George Low stabbing: Cyprus murder suspect 'set free'

George Low Image copyright The Bell
Image caption George Low used to work in Ayia Napa but was visiting at the time he was killed

The family of a Briton stabbed to death in Cyprus have spoken of their "shock and devastation" that the man suspected of killing him has been freed.

Estate agent George Low, 22, from Dartford, was killed near a nightclub in Ayia Napa in Cyprus in August.

An arrest warrant was issued for Sali Ahmet, 42, who fled to the Turkish-controlled north after the attack.

Officials in the south of the country said no-one had been handed back from northern Cyprus for many years.

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Mr Ahmet fled to the north with a second suspect, Mehmet Akpinar, 22, where they were arrested for an unrelated offence.

But both were then allowed to leave northern Cyprus without being charged - Mr Ahmet two weeks ago and Mr Akpinar in January.

Image copyright Cyprus Police
Image caption Greek Cypriot police issued arrest warrants for Mehmet Akpinar (left) and Sali Ahmet

In a statement, Mr Low's parents Martyn and Helen Low said they felt "totally let down by the authorities".

"We fail to understand why Turkey would allow a Bulgarian citizen [Sali Ahmet] suspected of murder to be set free in their own country instead of handing him over to the Bulgarian authorities to start the deportation process back to southern Cyprus to stand trial for the despicable and senseless act of violence against our son George and Ben, a lifelong friend.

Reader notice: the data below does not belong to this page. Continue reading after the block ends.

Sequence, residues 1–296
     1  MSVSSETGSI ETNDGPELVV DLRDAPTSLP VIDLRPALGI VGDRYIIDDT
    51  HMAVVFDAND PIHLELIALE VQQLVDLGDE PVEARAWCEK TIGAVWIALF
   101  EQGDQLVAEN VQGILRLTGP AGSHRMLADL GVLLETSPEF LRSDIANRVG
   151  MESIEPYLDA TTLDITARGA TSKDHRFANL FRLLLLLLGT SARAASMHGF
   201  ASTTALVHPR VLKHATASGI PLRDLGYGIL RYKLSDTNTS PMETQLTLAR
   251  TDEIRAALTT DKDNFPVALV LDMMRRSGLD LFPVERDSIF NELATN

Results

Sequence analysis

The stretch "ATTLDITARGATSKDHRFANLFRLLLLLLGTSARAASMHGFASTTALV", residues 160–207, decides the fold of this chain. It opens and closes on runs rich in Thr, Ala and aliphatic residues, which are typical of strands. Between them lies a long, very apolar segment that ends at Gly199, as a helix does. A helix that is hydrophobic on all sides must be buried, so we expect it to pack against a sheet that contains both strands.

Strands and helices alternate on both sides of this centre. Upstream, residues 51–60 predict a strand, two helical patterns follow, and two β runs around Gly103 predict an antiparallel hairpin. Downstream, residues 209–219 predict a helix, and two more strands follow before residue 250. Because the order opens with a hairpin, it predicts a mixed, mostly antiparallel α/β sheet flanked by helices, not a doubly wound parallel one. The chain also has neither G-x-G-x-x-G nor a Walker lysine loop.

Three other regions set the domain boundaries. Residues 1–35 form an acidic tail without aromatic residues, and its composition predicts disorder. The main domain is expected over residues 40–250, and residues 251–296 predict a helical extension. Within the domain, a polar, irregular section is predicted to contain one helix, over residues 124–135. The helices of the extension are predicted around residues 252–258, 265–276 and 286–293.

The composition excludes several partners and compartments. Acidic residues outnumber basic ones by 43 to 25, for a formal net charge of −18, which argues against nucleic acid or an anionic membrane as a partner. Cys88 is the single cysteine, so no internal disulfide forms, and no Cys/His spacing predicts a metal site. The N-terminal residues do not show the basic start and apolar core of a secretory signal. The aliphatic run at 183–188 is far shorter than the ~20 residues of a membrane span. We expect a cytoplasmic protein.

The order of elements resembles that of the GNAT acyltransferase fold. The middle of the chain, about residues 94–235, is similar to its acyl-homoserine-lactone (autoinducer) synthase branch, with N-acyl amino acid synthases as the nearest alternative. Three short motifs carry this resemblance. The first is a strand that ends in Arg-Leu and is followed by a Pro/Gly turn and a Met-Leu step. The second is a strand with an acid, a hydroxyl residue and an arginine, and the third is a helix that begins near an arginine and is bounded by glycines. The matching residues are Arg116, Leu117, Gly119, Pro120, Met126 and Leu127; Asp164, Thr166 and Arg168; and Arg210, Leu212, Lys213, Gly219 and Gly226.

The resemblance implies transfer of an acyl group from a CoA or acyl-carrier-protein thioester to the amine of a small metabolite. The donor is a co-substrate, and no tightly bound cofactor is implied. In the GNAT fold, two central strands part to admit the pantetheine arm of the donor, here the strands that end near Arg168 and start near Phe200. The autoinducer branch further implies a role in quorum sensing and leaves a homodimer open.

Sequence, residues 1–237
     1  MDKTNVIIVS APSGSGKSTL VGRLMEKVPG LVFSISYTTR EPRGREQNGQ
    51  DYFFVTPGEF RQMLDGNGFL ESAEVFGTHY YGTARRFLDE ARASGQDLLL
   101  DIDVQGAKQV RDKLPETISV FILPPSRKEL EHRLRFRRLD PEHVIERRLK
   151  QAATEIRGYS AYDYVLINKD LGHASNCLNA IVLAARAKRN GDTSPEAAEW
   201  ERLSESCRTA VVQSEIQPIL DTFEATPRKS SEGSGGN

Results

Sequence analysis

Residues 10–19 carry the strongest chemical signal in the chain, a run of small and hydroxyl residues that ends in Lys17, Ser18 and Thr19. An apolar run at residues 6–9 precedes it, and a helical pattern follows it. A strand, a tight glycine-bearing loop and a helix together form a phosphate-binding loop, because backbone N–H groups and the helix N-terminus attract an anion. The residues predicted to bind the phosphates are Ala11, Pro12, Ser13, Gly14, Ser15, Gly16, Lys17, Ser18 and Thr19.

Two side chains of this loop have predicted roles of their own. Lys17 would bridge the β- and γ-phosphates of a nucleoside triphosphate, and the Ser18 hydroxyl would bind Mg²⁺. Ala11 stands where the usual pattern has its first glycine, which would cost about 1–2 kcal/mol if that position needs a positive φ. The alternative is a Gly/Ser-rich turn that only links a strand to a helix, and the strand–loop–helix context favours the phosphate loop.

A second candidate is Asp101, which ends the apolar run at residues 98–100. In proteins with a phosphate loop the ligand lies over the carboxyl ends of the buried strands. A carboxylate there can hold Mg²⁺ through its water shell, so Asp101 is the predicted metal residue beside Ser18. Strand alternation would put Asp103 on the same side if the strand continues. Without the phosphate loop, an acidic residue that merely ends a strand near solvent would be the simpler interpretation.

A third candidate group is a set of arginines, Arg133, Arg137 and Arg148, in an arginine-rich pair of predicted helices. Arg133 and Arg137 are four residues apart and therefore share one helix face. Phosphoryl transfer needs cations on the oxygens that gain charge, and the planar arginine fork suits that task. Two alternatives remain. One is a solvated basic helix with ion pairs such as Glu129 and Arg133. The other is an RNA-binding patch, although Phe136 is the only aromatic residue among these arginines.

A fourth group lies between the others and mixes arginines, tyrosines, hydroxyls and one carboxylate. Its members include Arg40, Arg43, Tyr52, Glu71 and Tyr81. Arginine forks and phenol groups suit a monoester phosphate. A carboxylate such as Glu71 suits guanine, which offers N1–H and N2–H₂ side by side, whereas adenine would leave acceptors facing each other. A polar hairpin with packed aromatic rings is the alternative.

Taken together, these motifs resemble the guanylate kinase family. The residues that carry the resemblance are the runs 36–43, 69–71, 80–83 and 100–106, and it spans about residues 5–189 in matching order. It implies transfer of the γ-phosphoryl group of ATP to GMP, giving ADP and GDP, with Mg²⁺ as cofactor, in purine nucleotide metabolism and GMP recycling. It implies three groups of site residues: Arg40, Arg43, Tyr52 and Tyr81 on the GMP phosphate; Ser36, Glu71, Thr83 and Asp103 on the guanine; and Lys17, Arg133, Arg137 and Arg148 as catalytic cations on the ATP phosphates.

"Now 11 months on both men are free to enjoy their lives. We will not let this rest."

Image caption Ben Barker was repeatedly stabbed at the same time as his friend

'Too late'

Ben Barker, 22, who survived the attack, said he was "upset, disgusted and angry" that the men had been released.

"We've had quite a lot of lack of information, and it's always been in the back of my mind that it might go this way.

"It's looking like we're not going to get any justice for George."

Gareth Johnson the Conservative MP for Dartford, said he was also in regular contact with the Foreign Office "but frankly it's perhaps now too late".

He added he had met the ambassador from northern Cyprus, who had claimed the authorities were not receiving "the evidence from southern Cyprus that enables them to take action".

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